Dr. Edwin Quezada
Photo credit: Michael Paras
Most children, regardless of age, want to make their parents proud. And for children of immigrants to the United States, this desire can be even more acute. Expectations fueled by cultural, educational, and generational differences may lead to serious family conflicts over a child’s decision to pursue higher education. Walden PhD in Psychology and MS in Psychology graduate Dr. Eduardo Diaz ’15, ’10 often heard from his father: “If you have time to go to school, then you have time to go to work.”
Other children of immigrants have reported similar experiences. Dr. Angela Valdez ’12, a Doctor of Education (EdD) graduate born to a Korean mother and a Mexican-American father said that her decision to pursue higher education after high school confused her father, who thought it would be much better for her to get a job immediately. Fellow EdD graduate Dr. Edwin Quezada ’12, on the other hand, had a severe obstacle to pursuing any education in the United States at all: When he arrived in the U.S. from the Dominican Republic at the age of 16, he didn’t speak a word of English.
The journeys of these three Walden alumni not only reflect many of the common challenges for immigrant students but also provide apt lessons in perseverance, determination, and success.
What the numbers say—and don’t
In the United States, Hispanic communities have long struggled with barriers to education, including a high percentage of high school dropouts. But after decades of dismal statistics, there are finally some strong signs of improvement: The Hispanic high school dropout rate has decreased dramatically, from 32% in 2000 to 14% in 2013, according to the U.S. Census Bureau. College enrollment rates have also improved, with Pew Research reporting that the number of Hispanic students enrolling in two- or four-year colleges has tripled since 1993. With 2.2 million Hispanic students enrolling in college in 2013, Hispanics are now the largest minority group on U.S. college campuses.
However, what the statistics can’t show is how far a college degree goes after graduation. These effects don’t just help the graduate’s workplace, but the Hispanic community as a whole, according to Diaz, Quezada, and Valdez. As they found in their journeys to Walden and after, the impact is significant, if only to serve as an inspiration to all students of immigrant backgrounds facing challenges on the road to a higher education.
From super student to superintendent
Quezada’s journey to Walden began upon his arrival to the United States at the age of 16—he just didn’t know it yet. He came to the States from the Dominican Republic and entered his junior year at a Bronx, New York, high school barely speaking a word of English. A testament to his dedication and the support of his mother and school counselors, he managed to both learn the language and complete high school on time with the rest of his class just two years later. It was this monumental success that taught him an important life lesson that influenced his career choice: “I realized that when adults come together on behalf of children, wonderful possibilities open up.”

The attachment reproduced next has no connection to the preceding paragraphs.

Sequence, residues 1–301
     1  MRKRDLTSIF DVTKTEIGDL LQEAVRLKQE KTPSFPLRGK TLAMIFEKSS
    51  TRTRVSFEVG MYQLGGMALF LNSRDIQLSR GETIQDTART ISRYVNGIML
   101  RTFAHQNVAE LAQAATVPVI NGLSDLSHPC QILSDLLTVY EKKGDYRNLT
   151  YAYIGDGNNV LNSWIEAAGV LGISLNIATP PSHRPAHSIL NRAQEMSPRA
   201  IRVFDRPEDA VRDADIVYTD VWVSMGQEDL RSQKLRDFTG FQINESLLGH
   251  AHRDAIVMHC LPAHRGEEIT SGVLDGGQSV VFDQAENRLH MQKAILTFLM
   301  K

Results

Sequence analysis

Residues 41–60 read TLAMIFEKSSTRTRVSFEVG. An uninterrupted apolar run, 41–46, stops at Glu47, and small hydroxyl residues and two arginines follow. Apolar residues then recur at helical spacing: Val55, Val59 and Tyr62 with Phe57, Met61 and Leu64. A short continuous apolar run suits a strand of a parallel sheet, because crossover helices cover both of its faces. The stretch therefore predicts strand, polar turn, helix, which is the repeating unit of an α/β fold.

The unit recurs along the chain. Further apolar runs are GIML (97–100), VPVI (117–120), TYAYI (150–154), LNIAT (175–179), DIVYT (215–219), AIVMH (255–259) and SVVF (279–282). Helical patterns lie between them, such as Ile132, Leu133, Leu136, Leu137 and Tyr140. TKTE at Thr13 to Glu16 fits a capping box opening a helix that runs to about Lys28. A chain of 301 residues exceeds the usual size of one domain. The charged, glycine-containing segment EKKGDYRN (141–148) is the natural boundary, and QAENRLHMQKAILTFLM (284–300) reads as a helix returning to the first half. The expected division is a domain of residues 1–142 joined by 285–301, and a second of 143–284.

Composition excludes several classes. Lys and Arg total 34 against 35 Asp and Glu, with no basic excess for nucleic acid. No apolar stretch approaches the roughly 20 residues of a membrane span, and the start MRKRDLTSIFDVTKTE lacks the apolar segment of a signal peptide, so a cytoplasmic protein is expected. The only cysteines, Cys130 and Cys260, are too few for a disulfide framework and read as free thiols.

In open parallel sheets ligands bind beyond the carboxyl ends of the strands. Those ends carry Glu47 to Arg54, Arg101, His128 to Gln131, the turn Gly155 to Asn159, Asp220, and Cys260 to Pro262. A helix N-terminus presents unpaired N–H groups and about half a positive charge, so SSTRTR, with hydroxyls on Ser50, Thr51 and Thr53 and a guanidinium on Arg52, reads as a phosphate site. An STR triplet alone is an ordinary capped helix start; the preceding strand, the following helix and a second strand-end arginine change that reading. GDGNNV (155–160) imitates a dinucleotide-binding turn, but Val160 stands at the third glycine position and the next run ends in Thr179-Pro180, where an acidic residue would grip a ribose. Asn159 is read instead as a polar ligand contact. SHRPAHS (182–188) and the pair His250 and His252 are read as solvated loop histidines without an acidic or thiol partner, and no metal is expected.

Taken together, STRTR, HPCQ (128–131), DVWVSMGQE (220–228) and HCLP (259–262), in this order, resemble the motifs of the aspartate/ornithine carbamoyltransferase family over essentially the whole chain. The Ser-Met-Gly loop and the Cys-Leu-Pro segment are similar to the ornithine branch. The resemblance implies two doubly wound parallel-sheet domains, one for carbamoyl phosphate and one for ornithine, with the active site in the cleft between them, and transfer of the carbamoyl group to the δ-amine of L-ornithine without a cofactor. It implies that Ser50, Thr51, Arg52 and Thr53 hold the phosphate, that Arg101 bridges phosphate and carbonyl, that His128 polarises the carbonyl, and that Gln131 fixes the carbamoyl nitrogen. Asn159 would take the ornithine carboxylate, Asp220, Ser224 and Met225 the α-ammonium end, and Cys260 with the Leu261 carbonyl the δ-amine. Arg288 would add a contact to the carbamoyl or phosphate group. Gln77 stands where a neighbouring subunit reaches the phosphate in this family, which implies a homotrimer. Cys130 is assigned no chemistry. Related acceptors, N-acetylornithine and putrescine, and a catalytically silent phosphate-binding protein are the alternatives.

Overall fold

The following years saw Quezada climbing ever higher on the education ladder: master’s degrees in school counseling from Lehman College and school supervision and administration at Fordham University, and then 26 years of work in varying roles, including high school teacher, bilingual counselor, human relations facilitator, assistant principal, and principal for Bronx and Yonkers public schools. Eventually, he became the assistant and then deputy superintendent—and now, finally, he is head superintendent.
All this experience in education made Quezada thirsty for more. His good friend, colleague, and mentor, Dr. Angela Arias ’12, a graduate of Walden University, encouraged him to enroll in the Doctor of Education program, which he did in 2008. Like many students new to online classes, Quezada found that the Walden program was far more challenging than he anticipated. “I thought it was going to be easier than the face-to-face interaction because it would be on my own time; how wrong I was,” he remembers. “The program at Walden is so demanding and the expectations are so high that it was a challenge for me. A welcome challenge, but a challenge nonetheless.”
Thankfully, the self-discipline, work ethic, and adaptability Quezada had cultivated throughout his years in education helped him succeed in the EdD program. And then the lessons he learned from Walden paid off in his work afterward, particularly his commitment to basing decisions on research rather than personal opinion.
“Effectiveness is driven by what we’ve learned, and not by what we think will work,” Quezada explains. “I learned the meaning of educational discourse and the importance of staying focused on social justice.”
All these lessons are on display in his ongoing efforts to create “a fiscally responsible budget that will address the needs of the students I serve,” and his most ambitious goal of building a relationship with the international high school network. “I want to pilot an international high school for students who are new to the country, students who are coming here facing the same challenges I overcame,” he says.
Based on his own start in the U.S. as a teenager, Quezada understands that these students must not only master English, embrace a new culture, and quickly adapt to the fast pace of the educational system; they must appreciate America’s diversity. “New immigrants must understand the beauty of our differences,” Quezada says. “By understanding our differences, we discover common qualities that ultimately help us create a new and better society.”
Bilingual is beautiful
Dr. Angela Valdez
Photo credit: Theo Stroomer
Valdez arrived in the United States with limited English proficiency after spending the first three years of her life in Korea. Her mother insisted that she speak only English at home instead of her native Korean after Valdez’s ESL teachers shared that speaking two languages was only confusing her. Her parents valued education, but they considered a basic one enough: “When it came time for me to apply to college, my dad was confused about why I wanted to go to college rather than getting a job or joining the military in the footsteps of my father and grandfather.”